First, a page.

Why do regulators regulate? They do because they can. The enabling cause from which it all starts is the mission entrusted by the state to the regulators, and the enforcing capacity that it gives them. The mission tilts in various directions because of some built-in biases. One is that if the functioning of an economic institution is controversial for some reason the regulator has good cause to step in. “If in doubt, control it.” This is the perfect antithesis of the ancient wisdom “if it ain’t broke, don’t fix it”. The presumption of control that has replaced the ancient principle of laissez faire typifies very well the kind of security-minded society we are about to construct for ourselves.

Another important bias built into the regulatory mission is what we might call Damage Dominance. If there is a very small probability of a great material damage or intangible harm, and the risk can be averted at a cost of some regulation, always choose the regulation and never conjecture that the trade-off might be far from obvious and that the cost might be unreasonably high. The regulator suffers little or not at all by imposing a high regulatory cost on society, and may indeed earn respect for his prudence. If on the other hand he does not regulate away the risk and the damage occurs, he is sure to be blamed and his career may be over.

The elementary form of regulation the beginner finds in his textbook is a two-person game where a monopolist is made to loose and his customer to gain by a regulator who directs the game from above. In reality, the game is a maze of complications with an uncertain solution. Initially the monopolist (or perhaps the little band under his price leadership) is earning a return on capital of 10%. Considering it excessive, the regulator cuts it to 5%. As a consequence, economies of scale, brand reliability, or proprietary technology cease to be rewarded. Potential competitors willing to try to climb the barriers to entry that protect the monopolist, may no longer see much point in investing in economies of scale, building a reliable brand, or developing alternative technology. The regulator, in reality a participant in the game, has his gain. His good intention of enforcing a merely decent return on capital is fulfilled. Every body else loses, including one further player, namely the economy as a whole. It is pushed a bit further down the road to low rewards to investment, stable business, and the menace of stagnation.

Further complications may arise when the regulator and its supposed victims form a tacit and perhaps quite unintended alliance. George Stigler who earned a Nobel Prize for this and related insights thought that such alliances were a matter of course. Suppose that there is in the town a prosperous industry of dog dressing salons where dog beauticians wash and trim dogs to please their mistresses. Now and again accidents happen, the shampooing is done with scalding water, or the scissors prick the dog and it suffers a psychic trauma. Complaints are heard and the regulator must step in to protect the customers, for safety must be maintained. In short order he will subject the operation of dog beauty salons to the need to have a licence which can only be got by having a diploma from the animal care faculty of the local university. Under the regulator’s patronage there will be an Association of Dog Beauticians with powers to filter who will or who will not be admitted to this trade. Entry to the business will become very difficult, regulation will continue to protect profits, and should it fail to do so, entry can always be made more difficult still by requiring a Ph.D. to get in. Stability and security for all insiders will have triumphed.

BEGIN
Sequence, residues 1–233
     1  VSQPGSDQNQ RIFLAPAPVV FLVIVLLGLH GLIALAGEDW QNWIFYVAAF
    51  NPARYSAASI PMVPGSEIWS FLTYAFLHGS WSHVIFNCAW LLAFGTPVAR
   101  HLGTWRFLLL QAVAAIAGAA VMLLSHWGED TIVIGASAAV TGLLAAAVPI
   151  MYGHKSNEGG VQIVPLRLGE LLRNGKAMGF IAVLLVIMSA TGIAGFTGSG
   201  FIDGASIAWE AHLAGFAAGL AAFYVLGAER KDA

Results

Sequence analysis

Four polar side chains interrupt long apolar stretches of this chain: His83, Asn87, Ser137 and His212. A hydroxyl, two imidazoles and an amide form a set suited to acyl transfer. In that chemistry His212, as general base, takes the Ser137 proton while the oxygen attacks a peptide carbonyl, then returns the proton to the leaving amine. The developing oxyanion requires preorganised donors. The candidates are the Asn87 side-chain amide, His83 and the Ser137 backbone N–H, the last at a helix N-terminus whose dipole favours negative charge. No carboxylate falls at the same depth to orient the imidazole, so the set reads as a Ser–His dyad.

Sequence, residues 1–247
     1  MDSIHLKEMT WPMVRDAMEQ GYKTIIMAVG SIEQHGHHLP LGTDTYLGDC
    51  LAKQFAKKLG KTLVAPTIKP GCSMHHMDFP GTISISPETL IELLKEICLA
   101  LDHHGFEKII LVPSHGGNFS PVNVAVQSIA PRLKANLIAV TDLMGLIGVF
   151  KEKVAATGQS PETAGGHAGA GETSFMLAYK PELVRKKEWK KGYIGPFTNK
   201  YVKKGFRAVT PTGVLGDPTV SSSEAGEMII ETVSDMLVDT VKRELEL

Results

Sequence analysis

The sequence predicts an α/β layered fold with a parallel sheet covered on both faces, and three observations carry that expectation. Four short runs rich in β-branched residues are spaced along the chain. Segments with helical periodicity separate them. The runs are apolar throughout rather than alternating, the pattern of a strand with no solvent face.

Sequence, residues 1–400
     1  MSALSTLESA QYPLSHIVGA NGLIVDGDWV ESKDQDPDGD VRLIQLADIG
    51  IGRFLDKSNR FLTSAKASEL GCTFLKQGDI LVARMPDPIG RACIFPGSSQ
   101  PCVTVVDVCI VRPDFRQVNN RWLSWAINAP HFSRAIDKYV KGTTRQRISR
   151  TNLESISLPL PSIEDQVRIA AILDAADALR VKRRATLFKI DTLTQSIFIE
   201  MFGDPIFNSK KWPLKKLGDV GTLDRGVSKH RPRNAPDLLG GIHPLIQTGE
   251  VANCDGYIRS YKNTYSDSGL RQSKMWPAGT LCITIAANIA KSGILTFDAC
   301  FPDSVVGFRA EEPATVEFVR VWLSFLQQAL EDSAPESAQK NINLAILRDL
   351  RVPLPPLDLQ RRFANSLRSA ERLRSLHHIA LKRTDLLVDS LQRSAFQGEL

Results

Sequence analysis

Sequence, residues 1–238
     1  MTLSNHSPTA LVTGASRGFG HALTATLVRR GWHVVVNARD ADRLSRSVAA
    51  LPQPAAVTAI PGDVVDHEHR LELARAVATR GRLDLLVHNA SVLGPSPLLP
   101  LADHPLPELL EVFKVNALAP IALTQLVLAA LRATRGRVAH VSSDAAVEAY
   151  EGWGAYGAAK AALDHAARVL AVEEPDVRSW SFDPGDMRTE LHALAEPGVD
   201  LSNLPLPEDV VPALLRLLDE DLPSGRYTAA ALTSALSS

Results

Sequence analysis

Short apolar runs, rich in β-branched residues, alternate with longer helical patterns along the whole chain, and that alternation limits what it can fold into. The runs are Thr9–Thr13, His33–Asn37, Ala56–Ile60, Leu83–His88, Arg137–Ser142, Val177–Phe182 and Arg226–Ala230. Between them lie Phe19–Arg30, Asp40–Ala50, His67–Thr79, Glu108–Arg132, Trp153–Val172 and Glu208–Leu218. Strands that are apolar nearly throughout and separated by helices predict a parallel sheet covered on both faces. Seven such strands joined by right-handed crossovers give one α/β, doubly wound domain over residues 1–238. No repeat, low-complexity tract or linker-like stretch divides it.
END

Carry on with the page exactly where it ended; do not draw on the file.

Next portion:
For more information about the ideas Jasay explores in this essay, see Regulation, by Robert Litan and Monopoly, by George Stigler, in the Concise Encyclopedia of Economics.

This is perhaps a caricature, but like all caricatures, there is some reality behind it. Regulation of big business targets the putative abuses, like monopoly pricing or restrictive practices, that come naturally to small groups. The small business sector of the economy, being made up of large numbers of firms, finds it notoriously difficult to act cohesively. The intervention of the regulator helps it to overcome the large number handicap and enables small tradesmen to adopt restriction of output and maintenance of prices almost as if they were a monopoly. Entry to the trade is restricted by the regulator and by the tradesmen themselves by declaring on-the-job training as inadequate and all sorts of diplomas and examinations a requirement.